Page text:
We stood by while others carved up Syria

We stood by while others carved up Syria

Assad Kills 28 Civilians
Assad must not get away with his crimes
Will Saudi Arabia Strike Assad Army Like Putin is Striking Syrian Rebels?

Source: The Telegraph – by David Blair (We stood by while others carved up Syria)

Doing nothing two years ago was a huge gamble – and every imaginable disaster has come to pass

Acclaim and relief have often greeted the most calamitous decisions in the history of British foreign policy. War in 1914 brought euphoria; appeasement in 1938 led jubilant crowds to gather outside Buckingham Palace.

Two years ago today, rockets laden with sarin nerve gas inflicted agonising deaths on hundreds – perhaps thousands – of people in Damascus. Eight days later, the Commons vetoed David Cameron’s plea to use force against Syria’s bloodsoaked regime, resolving that Britain’s response would be to do nothing. Cue general relief.

Yet with the perspective of the last two years, the decision to leave Syria to its fate looks ever more like a tragic mistake. What has since unfolded is a humanitarian calamity, to be sure, but it also poses a grave threat to our national security.

The simple truth is that while Britain chose to stay out of Syria, other countries were not so restrained. Hansard shows that many MPs who voted against military action in 2013 appeared to think that the choice was between intervention by the West – or leaving Syria to solve itself. “We need a coherent and comprehensive strategy that fully takes into account the consequences of intervention,” said Angus Robertson, the SNP spokesman. “What is currently a calamity for the people of Syria could worsen and become a conflagration across the Middle East.”

Aside from the fact that the “conflagration” was already spreading when he spoke those words – and has spread a lot further since – what Mr Robertson and others like him failed to grasp was that “intervention” was happening anyway.

From the very beginning, Iran was intervening in Syria to guarantee Assad’s survival: Iranian money saved his bankrupt regime from penury, Iranian commanders helped to run his army and Iranian experts provided him with his counter-insurgency strategy. Then, from the summer of 2012, thousands of Hizbollah fighters entered Syria at Iran’s behest to fight alongside Assad’s forces. Meanwhile, Russia was intervening by supplying Assad with advanced weapons; on the other side of the war, Turkey, Saudi Arabia, Jordan and Qatar were all intervening to arm and supply their favoured rebels.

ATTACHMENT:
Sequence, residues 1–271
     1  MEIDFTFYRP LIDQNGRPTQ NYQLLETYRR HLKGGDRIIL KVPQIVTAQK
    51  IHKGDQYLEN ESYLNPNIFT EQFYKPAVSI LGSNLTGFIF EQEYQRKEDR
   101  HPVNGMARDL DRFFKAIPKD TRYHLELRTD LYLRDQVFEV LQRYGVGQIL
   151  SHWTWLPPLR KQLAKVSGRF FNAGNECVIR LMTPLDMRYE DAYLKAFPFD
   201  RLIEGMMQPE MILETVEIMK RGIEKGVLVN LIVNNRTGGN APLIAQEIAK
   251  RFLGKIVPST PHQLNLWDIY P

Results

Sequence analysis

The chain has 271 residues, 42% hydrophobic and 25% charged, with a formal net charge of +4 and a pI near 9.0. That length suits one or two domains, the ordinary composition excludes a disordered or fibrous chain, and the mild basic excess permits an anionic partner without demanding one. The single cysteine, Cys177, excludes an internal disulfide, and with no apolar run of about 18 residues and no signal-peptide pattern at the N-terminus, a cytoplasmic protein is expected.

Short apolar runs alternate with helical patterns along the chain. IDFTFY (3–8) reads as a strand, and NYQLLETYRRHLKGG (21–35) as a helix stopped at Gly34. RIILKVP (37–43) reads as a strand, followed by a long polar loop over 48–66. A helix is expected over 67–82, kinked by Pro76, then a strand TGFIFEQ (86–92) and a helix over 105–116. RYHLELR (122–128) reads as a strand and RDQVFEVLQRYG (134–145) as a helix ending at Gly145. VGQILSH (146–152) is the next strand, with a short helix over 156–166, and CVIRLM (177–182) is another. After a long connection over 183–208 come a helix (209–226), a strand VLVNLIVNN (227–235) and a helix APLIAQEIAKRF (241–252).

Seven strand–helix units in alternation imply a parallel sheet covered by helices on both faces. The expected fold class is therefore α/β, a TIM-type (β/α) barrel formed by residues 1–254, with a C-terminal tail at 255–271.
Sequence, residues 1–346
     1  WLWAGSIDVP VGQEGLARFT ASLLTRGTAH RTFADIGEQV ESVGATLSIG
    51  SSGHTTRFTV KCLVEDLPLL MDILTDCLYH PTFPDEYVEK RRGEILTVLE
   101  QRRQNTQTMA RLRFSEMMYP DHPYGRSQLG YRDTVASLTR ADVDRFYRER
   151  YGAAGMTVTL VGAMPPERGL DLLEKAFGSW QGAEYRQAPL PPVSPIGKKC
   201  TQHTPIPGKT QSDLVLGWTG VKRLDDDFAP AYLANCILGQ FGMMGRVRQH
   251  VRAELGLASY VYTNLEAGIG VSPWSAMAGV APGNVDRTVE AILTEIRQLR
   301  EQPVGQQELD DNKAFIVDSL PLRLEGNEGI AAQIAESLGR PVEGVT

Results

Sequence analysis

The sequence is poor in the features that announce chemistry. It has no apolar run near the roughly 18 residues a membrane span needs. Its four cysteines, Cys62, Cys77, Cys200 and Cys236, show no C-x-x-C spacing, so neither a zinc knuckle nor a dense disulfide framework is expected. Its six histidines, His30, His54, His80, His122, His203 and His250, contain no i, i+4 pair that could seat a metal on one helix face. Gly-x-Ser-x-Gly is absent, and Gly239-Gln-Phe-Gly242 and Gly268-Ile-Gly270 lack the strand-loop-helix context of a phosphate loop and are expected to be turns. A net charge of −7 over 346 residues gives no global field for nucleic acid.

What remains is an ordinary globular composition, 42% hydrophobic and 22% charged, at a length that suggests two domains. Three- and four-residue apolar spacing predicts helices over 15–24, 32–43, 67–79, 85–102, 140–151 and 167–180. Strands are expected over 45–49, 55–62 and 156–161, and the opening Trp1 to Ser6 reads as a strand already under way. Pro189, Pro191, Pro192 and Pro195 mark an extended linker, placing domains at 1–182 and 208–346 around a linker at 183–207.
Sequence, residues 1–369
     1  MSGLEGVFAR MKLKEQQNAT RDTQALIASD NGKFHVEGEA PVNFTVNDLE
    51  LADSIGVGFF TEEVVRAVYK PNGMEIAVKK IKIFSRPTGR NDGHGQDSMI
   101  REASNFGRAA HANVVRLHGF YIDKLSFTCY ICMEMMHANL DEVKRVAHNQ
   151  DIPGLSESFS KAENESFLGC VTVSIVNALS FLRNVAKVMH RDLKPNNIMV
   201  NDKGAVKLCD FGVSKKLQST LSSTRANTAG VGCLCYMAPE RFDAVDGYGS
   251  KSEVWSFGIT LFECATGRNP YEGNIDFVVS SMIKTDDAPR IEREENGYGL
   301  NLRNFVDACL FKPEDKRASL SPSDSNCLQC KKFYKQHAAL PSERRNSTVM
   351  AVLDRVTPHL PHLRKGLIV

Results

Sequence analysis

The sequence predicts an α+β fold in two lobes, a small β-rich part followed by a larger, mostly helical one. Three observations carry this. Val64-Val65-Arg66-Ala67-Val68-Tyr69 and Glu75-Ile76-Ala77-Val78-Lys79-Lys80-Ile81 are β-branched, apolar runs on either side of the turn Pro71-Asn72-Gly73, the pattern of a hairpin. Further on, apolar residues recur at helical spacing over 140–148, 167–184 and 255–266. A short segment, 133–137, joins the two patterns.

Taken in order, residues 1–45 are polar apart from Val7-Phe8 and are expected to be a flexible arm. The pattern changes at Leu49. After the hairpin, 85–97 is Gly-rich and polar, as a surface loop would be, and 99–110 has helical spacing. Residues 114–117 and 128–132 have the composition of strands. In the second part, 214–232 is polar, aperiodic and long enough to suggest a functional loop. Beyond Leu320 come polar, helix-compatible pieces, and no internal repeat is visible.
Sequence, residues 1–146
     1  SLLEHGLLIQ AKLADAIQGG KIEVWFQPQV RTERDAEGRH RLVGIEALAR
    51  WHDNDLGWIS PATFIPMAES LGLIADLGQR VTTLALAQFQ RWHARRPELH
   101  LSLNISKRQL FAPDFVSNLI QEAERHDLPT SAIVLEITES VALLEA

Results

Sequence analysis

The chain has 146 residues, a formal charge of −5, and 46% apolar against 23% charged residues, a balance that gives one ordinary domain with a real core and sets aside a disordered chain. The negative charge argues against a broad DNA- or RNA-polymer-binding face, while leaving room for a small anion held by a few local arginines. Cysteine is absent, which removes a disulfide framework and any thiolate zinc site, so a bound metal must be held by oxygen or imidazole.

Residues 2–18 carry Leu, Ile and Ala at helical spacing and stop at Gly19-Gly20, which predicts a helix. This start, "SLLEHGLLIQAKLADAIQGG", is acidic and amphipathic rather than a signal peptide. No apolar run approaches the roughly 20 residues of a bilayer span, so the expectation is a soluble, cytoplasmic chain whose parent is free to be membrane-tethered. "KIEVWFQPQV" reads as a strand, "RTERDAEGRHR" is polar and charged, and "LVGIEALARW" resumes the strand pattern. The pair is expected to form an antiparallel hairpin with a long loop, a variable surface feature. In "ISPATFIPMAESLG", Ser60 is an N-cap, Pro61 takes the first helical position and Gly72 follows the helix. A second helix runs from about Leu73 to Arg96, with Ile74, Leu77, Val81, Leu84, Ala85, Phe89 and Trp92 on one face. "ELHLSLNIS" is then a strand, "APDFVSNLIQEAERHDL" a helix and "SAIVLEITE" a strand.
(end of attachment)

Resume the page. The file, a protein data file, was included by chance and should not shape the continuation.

So the choice in Syria was never between Western intervention or leaving the country in a sort of pristine state of civil war, unsoiled by foreign hands. Instead, the only question was who would do the intervening. The lesson for our MPs should be clear: before you decide that Britain has no business in a crisis like Syria’s, you have to be sure that the countries who will be involved are skilful enough to do a better job – and generous enough to protect our interests.

If you do not have such assurances, then staying out involves immense risk. The MPs who voted against force may not have realised, but they were gambling that leaving Syria to Russia, Iran, Qatar et al – plus a dictator who gassed children while they slept – would produce a better outcome.

The results of that gamble are self-evident: every calamity that could have been predicted has come to pass. Assad’s strategy of total war against a largely Sunni population – unrestrained by Western intervention – created ideal laboratory conditions for the jihadist virus to take hold, hence the advance of the Islamic State of Iraq and the Levant (Isil).

Left to themselves, Saudi Arabia, Qatar and Turkey all supported the Islamist elements of the opposition. Meanwhile, the non-Islamist rebels, who had staked everything on Western intervention, were crushed between the millstones represented by Isil plus sundry other extremists and Assad with his poison gas.

Today, more than half of all Syrians are refugees, either within or without their country – and at least 220,000 lie dead. Here is another fact: Syria’s tragedy has claimed more than twice as many lives as all of the Arab-Israeli wars put together, back as far as 1948. And despite the barbarism of Isil, Assad’s regime is still responsible for the vast majority of civilian deaths.

Two years ago, we were told that Western intervention would make things worse. Given the witches’ brew created by a flailing dictator and the amoral powers who were intervening from the start – and are still at it – how could that possibly be true?

We stood by while others carved up Syria


Follow by Email